Prepared by Regina Kwon, MD, MPH
Reviewed by Patricia Simner, PhD
With thanks to Maritsa Angelou and Hillary Ajife for their technical assistance.
An elderly patient with a history of hypertension and hyperlipidemia presented to the Emergency Department (ED) with diaphoresis, lightheadedness, and pain in the epigastrium and lower chest. They had no trouble breathing. An electrocardiogram (ECG) was nonspecific. They were given Tylenol, nitroglycerin, and ondansetron, without improvement. The patient's white blood cell count was 19 K/cu mm (ref., 4.5-11), and a troponin I test, repeated three times, was negative. CT imaging of the abdomen and pelvis showed no significant abnormalities. Cardiac angiography revealed three-vessel disease.
The patient underwent percutaneous catheterization, with placement of a drug-eluting stent in the left anterior descending artery. They continued to have abdominal pain but felt better after several bowel movements. The white blood cell count remained elevated (max, 18.5 K/cu mmm), but the patient had no fevers. They were discharged after a one-week stay and given prescriptions for clopidogrel and low-dose aspirin.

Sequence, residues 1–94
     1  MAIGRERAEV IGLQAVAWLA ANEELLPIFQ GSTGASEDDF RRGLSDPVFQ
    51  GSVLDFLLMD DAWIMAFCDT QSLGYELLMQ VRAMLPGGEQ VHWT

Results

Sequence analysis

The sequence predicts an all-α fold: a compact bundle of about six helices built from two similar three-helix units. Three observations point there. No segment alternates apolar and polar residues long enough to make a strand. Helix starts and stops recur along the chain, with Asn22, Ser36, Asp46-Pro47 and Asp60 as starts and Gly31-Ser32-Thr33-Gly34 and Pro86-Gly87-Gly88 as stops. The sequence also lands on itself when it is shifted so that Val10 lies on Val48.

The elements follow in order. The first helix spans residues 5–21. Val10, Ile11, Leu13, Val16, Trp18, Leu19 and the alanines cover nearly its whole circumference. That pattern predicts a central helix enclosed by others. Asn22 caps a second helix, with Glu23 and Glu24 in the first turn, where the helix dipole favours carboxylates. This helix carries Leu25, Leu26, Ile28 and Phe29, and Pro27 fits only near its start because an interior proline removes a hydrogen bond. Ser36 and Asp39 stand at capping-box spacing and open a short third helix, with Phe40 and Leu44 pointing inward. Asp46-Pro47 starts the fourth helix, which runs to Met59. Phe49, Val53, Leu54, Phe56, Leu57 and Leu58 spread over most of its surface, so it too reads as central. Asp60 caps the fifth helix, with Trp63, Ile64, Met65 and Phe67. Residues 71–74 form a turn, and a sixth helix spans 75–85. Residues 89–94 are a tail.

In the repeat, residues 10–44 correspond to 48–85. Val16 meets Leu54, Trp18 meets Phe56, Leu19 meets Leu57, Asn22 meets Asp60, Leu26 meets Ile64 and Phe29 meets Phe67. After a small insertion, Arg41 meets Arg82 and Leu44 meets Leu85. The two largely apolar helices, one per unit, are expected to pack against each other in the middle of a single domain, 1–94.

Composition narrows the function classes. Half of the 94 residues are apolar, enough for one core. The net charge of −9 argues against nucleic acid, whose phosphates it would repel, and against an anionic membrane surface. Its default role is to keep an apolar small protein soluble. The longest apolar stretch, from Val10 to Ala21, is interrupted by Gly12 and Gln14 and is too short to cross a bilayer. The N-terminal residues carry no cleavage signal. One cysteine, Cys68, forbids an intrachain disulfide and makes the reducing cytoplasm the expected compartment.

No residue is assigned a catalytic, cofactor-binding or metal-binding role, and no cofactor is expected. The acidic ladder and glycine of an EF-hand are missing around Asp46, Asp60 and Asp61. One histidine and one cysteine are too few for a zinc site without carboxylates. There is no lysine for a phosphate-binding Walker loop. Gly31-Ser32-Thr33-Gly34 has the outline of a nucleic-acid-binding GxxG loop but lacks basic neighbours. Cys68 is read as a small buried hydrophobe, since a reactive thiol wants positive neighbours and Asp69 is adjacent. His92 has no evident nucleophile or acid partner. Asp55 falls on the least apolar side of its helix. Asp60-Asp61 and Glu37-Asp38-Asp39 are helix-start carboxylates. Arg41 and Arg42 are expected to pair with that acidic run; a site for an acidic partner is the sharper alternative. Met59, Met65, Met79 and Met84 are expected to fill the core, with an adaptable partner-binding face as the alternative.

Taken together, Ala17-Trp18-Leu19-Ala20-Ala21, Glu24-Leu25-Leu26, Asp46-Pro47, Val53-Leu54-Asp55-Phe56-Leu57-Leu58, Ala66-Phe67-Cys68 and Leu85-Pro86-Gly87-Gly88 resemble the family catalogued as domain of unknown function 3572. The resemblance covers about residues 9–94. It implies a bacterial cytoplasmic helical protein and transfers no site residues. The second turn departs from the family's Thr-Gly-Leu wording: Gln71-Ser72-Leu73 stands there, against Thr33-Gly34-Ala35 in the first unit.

Two weeks later, the patient returned to the ED, describing two days of stabbing right-sided chest pain. An ECG and a troponin I test were negative. They had mild leukocytosis and an elevated D-dimer level. CT imaging showed emphysematous cholecystitis. Due to the recent stent placement and risk of clotting, the patient was not a candidate for cholecystectomy. Instead, interventional radiology placed a percutaneous cholecystostomy tube and drained the fluid, which was sent to the Microbiology laboratory for aerobic and anaerobic bacterial cultures.
A Gram stain of the fluid identified very light polymorphonuclear leukocytes and very light gram-negative bacilli. The next day, heavy growth of two different morphologies was observed (Fig. 1) on the aerobic and anaerobic plates. Both morphologies were oxidase-negative and catalase-positive. The cultured samples were submitted for matrix-assisted laser desorption/ionization time-of-flight mass spectrometry (MALDI-TOF MS) analysis.
Which organism could this be?